I’ve been away. To those who know me, and not even that well, me being away is as common an occurrence as toe nail growth. The last ten months of my life have been packed with packing and unpacking, regional migration and plenty of ch-ch-ch-changes. The most significant of those changes happened last December on a snow-less weekday afternoon in Brooklyn. After securing my security deposit from my feisty Sicilian landlady, I was finally ready for my next move.
Movement is easy but moving is hard. Moving is harder still when moving an entire one-bedroom apartment, complete with furniture I outright owned. Wisely, I enlisted moving experts to do all of the heavy lifting while my little brother and I stowed what was lighter and more manageable into a minivan and made our way south.
All moving eventually finds somewhere to stop. The minivan, groaning from the weight of such space-fillers as wooden coat hangers, a coffee table and garbage bags of clothing I look ridiculous in trudged its way through the eastern seaboard’s urban thickets. Chevrolet’s finest then traipsed over the Mason-Dixon line and skimmed the Appalachians. Hundreds of miles later, my brother Dave and I had arrived at Jack Of The Wood, a divey bar in downtown Asheville, NC, right in the middle of a set by local favorites, The Krektones. My old friend, Rabuck, greeted us with hugs and local beer. The Kreks played their surfy jazz-rock as the jumpy crowd got down. Much later that night we crashed hard at Rabuck’s sister Carrie’s house, soon to be my new house. The next morning, Dave and I hastily unloaded the van and stuffed its contents into my future room, an almost perfect square with lime green walls. Dave and I then climbed back into the van and raced to the outskirts of Charlotte, NC where my parents have only recently been wading into retirement.
All of this is to say that as of January of this year, I am officially a southern gentleman, or at the very least, southern. For the surprising many who don’t know, Asheville is a mountain oasis, anchoring the extreme western flank of the northern most Carolina. I use ‘oasis’ because naturally, culturally, creatively and politically it may be the best word to describe this burg of not even ninety thousand though ‘anomaly’ may be slightly better. Once you make your way to the surrounding Blue Ridge mountains or to nearby Black Mountain or Montreat or even the not too far away Smoky Mountains, you may also be forced to use the word ‘scenic’ or even — if you really must — ‘picturesque’. A nature hike or two into my stay and I knew I had made the right decision.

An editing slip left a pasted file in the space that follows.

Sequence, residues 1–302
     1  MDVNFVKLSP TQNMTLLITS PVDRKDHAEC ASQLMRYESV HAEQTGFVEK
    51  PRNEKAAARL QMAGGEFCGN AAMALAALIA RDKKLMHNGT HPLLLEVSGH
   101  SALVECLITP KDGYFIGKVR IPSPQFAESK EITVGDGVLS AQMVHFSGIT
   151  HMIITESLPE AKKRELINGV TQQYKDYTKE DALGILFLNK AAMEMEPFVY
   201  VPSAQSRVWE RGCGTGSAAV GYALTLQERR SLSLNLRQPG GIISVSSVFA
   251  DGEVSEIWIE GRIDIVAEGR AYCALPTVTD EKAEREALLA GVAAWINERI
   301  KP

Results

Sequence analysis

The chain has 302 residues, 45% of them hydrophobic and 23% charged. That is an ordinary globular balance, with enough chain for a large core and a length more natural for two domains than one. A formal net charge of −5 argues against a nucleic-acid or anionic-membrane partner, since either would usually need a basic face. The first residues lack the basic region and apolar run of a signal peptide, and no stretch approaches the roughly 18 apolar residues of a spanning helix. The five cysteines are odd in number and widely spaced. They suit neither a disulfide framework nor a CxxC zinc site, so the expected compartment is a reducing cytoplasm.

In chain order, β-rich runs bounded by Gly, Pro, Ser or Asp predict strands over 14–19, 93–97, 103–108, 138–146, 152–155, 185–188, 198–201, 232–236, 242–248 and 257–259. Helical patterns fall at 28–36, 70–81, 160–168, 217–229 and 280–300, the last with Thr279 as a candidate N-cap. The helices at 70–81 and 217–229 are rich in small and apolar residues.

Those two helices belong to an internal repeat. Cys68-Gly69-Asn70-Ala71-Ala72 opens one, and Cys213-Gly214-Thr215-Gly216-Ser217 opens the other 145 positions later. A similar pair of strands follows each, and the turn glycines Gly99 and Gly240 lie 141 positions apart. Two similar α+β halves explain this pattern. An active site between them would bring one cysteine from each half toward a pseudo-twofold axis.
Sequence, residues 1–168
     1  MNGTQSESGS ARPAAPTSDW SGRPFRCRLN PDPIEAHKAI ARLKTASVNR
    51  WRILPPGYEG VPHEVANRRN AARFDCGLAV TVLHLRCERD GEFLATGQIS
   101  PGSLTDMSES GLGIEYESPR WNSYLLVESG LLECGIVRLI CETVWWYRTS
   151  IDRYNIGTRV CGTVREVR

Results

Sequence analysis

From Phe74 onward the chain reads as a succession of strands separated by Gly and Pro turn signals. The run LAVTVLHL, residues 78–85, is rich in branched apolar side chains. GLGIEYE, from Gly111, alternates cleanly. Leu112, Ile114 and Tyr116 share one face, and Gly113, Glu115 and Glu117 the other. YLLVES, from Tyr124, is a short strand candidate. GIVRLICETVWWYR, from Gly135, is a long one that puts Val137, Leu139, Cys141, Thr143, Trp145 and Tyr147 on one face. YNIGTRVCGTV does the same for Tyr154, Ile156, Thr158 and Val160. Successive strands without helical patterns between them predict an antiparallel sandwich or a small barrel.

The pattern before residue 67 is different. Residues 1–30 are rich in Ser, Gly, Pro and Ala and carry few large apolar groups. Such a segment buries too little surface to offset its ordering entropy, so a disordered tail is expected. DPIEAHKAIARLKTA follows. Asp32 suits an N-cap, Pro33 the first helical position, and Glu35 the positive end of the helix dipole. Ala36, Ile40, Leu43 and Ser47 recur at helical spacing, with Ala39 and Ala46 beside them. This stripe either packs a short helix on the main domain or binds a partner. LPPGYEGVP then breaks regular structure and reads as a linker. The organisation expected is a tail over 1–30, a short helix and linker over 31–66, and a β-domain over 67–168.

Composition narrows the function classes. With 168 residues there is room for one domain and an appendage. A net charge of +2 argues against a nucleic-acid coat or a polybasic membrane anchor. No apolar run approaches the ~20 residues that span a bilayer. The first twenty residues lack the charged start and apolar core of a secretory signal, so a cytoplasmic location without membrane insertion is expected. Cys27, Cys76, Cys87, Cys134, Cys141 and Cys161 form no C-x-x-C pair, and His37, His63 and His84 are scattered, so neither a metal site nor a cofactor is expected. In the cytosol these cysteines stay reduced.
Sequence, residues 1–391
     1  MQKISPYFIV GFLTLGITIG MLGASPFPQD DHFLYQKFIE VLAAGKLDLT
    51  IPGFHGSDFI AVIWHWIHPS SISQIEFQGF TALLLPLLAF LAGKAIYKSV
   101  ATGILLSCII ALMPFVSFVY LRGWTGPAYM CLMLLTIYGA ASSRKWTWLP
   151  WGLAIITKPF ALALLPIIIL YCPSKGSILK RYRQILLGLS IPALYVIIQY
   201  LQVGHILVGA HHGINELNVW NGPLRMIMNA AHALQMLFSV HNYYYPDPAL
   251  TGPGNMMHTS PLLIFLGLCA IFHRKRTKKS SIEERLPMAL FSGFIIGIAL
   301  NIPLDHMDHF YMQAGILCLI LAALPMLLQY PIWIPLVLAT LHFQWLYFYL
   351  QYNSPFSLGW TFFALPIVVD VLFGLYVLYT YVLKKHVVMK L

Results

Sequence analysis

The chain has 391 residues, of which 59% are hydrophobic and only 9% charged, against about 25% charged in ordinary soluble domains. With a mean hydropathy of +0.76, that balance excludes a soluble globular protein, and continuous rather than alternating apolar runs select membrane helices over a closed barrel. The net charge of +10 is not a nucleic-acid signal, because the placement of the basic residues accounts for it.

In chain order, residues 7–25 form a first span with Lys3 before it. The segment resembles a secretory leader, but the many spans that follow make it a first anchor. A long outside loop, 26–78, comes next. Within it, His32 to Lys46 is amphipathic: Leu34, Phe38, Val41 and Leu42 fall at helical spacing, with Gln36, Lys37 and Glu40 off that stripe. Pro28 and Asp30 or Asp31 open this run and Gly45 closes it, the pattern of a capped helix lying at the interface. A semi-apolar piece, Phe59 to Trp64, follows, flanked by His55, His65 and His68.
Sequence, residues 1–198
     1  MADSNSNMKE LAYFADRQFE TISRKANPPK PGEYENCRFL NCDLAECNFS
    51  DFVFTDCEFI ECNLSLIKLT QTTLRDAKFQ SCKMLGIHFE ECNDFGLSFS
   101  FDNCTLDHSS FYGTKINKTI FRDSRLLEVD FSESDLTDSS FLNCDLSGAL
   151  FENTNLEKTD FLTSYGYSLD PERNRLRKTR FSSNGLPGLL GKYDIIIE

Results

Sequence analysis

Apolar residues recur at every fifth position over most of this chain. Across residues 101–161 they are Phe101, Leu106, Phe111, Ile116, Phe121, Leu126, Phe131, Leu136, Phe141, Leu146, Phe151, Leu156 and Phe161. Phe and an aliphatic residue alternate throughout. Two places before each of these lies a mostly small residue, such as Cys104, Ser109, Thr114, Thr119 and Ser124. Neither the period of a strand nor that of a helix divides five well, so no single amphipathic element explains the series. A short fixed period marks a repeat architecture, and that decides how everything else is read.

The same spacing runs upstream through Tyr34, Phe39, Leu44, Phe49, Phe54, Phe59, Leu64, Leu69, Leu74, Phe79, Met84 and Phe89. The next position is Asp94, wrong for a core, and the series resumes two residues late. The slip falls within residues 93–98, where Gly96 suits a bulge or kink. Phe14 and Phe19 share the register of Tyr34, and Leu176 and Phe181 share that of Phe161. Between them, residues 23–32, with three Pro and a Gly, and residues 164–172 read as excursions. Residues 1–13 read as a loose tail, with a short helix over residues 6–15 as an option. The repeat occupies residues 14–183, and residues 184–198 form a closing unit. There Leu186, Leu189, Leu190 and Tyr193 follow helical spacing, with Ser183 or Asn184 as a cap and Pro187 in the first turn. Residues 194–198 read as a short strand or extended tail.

As to that decision, I had my reasons. As a freelancer, the world is my mailbox. The Internet has freed me from not only a daily commute but from having to commute anywhere, period. While I love New York and all of her quirks, I didn’t need to put up with her financial pitfalls and hassles to appreciate her. For the almost three years New York and I were a thing, we tried to make it work. She was fun and always up for something. Neither of us ever seemed to want to sleep. What we had was passionate and all-consuming and man, could she cook! But once I managed to get my own place at what I thought was a reasonable rent (funny how New York dramatically shifts your definition of what’s reasonable), things between us started to change. Financially, our relationship started to take its toll. To an increasing number of my fellow urbanites, the city was becoming more and more of a high-maintenance gal. The monthly hustle of trying to indulge in her expensive charms and pay my ConEd bill, all with irregular paychecks, was proving to be a challenge to my usually low stress levels. I was faced with a choice: Either spend my nickels on four hundred square feet and the occasional cockroach or put them towards plane tickets, foreign street food and typhoid inoculations. Guess which one I chose?
Hence, we needed a break. New York and I agreed to try the long distance thing. I would have sporadic visitation rights and she received sole custody of all my unused MetroCards. We would always have the F train.
Many of my friends and relatives thought it odd that a proud city rat like myself would relocate to a place without public transportation or a major sports team. One friend wondered why I was moving out to the country and had I any previous experience riding horses. Another couldn’t imagine me permanently behind the wheel of a car, especially with other drivers around. Some people I know spouted the same tired cliches about the South or were quick to label Asheville as part of the more tired and condescending “flyover states”.
But I knew better. I was a semi-frequent visitor to Asheville over the last ten years. I have great friends here. I have mountains and nature as well as art, craft and an always evolving food scene. I have close proximity to my aging parents (but not too close). I have farmers’ markets and festivals; breweries and barbecues. I have hippies, yippies, yuppies, transients, townies, old money and new. I have breathing room, financially, and the room to follow other creative pursuits more substantially. Hey, I have a new home.
But the traveler in me is eternally antsy. And hungry. The world outside of Asheville still calls me out of restless sleep and implores me to either get in my car or to keep employing flight attendants. Watch this space to see what happens next.
WHAT: the cottony mists sitting above the mountains along the famed Blue Ridge Parkway, south of Asheville
WHEN: August 10, 2013
WHERE: Blue Ridge Parkway, near Asheville, North Carolina, United States